“Don’t you just love fall?  It makes me want to shop for back to school supplies.  I would send you a bouquet of newly sharpened pencils if I knew your name and address.” – Nora Ephron, You’ve Got Mail


It typically happens the third weekend of September.  That first chilly blast, that steady drop in temperature, that crisp newness of the season.
The first Blue Norther.


When I was growing up, we had an antique metal thermometer that hung on a post on our back porch.  As the first norther would blow in, we could literally watch Autumn’s arrival through the window as the needle would steadily move from right to left.


In high school, the first norther typically blew in during the first “away” football game.  Never quite prepared, we would huddle together, shivering in full band uniform, watching anxiously for the clock to tick down.


In college, the first norther was almost always followed by the aroma of burning leaves – something I never noticed before moving to Tennessee, but has stayed with me ever since.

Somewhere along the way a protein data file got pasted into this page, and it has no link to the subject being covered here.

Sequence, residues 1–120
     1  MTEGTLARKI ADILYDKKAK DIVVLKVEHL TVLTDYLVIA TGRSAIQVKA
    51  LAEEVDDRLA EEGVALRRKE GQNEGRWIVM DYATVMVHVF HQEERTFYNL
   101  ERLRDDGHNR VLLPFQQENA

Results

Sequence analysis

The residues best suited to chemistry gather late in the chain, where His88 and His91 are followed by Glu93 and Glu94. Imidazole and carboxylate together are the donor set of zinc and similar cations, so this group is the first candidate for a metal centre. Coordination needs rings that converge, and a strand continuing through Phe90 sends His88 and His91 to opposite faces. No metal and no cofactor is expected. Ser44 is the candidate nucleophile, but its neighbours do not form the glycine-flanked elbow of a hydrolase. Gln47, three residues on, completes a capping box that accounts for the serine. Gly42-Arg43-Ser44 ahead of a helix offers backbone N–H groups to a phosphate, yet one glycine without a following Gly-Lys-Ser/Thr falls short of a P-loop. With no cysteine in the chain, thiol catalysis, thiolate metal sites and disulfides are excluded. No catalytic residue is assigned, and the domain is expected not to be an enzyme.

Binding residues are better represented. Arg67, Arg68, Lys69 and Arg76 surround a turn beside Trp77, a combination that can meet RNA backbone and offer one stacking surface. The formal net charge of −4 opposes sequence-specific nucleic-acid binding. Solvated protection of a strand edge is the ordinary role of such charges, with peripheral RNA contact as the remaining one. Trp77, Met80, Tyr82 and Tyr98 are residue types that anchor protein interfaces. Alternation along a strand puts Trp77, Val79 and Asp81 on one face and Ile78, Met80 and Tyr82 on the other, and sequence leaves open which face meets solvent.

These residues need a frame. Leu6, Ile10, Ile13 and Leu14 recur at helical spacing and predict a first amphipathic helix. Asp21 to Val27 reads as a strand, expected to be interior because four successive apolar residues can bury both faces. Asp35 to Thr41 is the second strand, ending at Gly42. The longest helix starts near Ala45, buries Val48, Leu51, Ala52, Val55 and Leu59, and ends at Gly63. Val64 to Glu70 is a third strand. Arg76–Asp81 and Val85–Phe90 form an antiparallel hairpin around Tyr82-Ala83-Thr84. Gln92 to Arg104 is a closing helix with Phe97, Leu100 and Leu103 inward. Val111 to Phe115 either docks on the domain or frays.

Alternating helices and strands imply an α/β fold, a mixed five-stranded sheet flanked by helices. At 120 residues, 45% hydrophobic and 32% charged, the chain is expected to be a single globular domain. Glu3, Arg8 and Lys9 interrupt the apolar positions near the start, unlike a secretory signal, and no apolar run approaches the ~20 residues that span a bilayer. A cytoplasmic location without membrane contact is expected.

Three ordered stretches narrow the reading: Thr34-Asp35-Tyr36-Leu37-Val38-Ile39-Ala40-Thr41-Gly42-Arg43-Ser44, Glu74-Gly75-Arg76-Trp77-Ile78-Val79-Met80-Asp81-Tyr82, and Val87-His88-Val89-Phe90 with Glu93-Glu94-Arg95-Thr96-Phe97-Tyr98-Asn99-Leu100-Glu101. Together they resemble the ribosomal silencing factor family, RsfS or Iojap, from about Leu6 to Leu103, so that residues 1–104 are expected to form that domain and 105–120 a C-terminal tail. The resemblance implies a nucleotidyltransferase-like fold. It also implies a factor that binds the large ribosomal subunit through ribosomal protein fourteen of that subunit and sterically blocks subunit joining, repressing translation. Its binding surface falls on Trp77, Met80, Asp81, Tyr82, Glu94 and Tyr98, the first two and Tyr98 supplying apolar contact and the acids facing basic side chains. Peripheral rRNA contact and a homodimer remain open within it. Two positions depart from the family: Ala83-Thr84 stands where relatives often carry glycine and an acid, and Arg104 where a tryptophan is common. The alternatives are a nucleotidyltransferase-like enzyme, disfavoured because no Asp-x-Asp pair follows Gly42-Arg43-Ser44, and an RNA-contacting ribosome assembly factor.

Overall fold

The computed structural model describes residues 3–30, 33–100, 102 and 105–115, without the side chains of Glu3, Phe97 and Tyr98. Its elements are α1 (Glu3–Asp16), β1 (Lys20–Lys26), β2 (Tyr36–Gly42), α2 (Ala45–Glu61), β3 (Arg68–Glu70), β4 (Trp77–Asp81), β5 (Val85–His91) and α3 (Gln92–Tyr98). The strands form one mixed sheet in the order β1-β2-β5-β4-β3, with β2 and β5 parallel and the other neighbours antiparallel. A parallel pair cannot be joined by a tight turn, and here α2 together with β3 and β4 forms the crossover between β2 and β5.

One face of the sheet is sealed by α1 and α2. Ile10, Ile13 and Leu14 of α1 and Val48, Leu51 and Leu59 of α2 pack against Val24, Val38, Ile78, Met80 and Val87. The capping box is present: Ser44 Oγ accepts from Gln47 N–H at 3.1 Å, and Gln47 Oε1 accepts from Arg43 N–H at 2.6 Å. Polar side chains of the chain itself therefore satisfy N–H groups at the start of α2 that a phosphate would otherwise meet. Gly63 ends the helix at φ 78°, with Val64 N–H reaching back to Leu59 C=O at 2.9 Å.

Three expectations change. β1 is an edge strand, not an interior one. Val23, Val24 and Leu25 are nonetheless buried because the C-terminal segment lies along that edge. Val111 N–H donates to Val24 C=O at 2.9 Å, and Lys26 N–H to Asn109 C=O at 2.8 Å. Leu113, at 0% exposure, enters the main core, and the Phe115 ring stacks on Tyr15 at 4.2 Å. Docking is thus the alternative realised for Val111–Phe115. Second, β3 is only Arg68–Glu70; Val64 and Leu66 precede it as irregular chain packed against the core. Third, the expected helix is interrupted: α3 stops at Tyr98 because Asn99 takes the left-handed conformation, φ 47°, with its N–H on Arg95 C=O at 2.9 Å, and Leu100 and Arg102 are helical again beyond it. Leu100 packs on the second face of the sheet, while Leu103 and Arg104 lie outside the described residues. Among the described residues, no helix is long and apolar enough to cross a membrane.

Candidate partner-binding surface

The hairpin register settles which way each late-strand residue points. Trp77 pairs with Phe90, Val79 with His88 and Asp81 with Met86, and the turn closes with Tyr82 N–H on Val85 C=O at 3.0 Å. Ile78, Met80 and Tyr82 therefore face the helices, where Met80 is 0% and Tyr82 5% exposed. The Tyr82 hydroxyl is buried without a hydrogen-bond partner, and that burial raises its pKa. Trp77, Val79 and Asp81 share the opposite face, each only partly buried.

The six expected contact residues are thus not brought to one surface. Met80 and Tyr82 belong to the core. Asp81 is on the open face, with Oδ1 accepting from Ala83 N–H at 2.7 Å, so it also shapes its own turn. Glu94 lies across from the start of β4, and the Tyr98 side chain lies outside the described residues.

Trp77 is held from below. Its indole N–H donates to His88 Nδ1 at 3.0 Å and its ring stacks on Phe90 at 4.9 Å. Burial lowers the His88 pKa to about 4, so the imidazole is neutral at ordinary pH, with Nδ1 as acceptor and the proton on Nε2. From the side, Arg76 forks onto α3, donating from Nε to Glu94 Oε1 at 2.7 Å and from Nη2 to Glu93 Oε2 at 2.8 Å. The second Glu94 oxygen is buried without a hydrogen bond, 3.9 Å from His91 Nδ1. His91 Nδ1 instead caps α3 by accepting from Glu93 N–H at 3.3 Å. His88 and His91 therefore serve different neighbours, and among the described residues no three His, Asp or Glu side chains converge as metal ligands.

And now, the norther blows in the memories of past orange-tinted seasons – and the hope of what’s to come.


The norther brings with it the thanks-giving season.  We are no longer hot and cranky – we’re welcoming, warm and cozy.  It’s the season of sweaters and scarves, hometown football games, warm fires, cocoa with marshmallows and “pumpkin spiced” everything.


Impatiently, we wait and wait, checking the weather constantly, longing to bring down our comfy winter togs from their extended Spring Break.  In anticipation, we prepare – readying our houses for cooler weather, decorating with the pumpkin shaped candleholders and brightly colored faux leaves (which make the bright green leaves that still cling to their branches seem out of place), hoping we can WILL Fall into being.


…And it will be here – in its own time.  Mother Nature is often on her own schedule – fashionably late to the party.


Until then, we’ll stare out to the north, watching the sky.


…Waiting for a change in the weather.


….Waiting for the norther to blow in.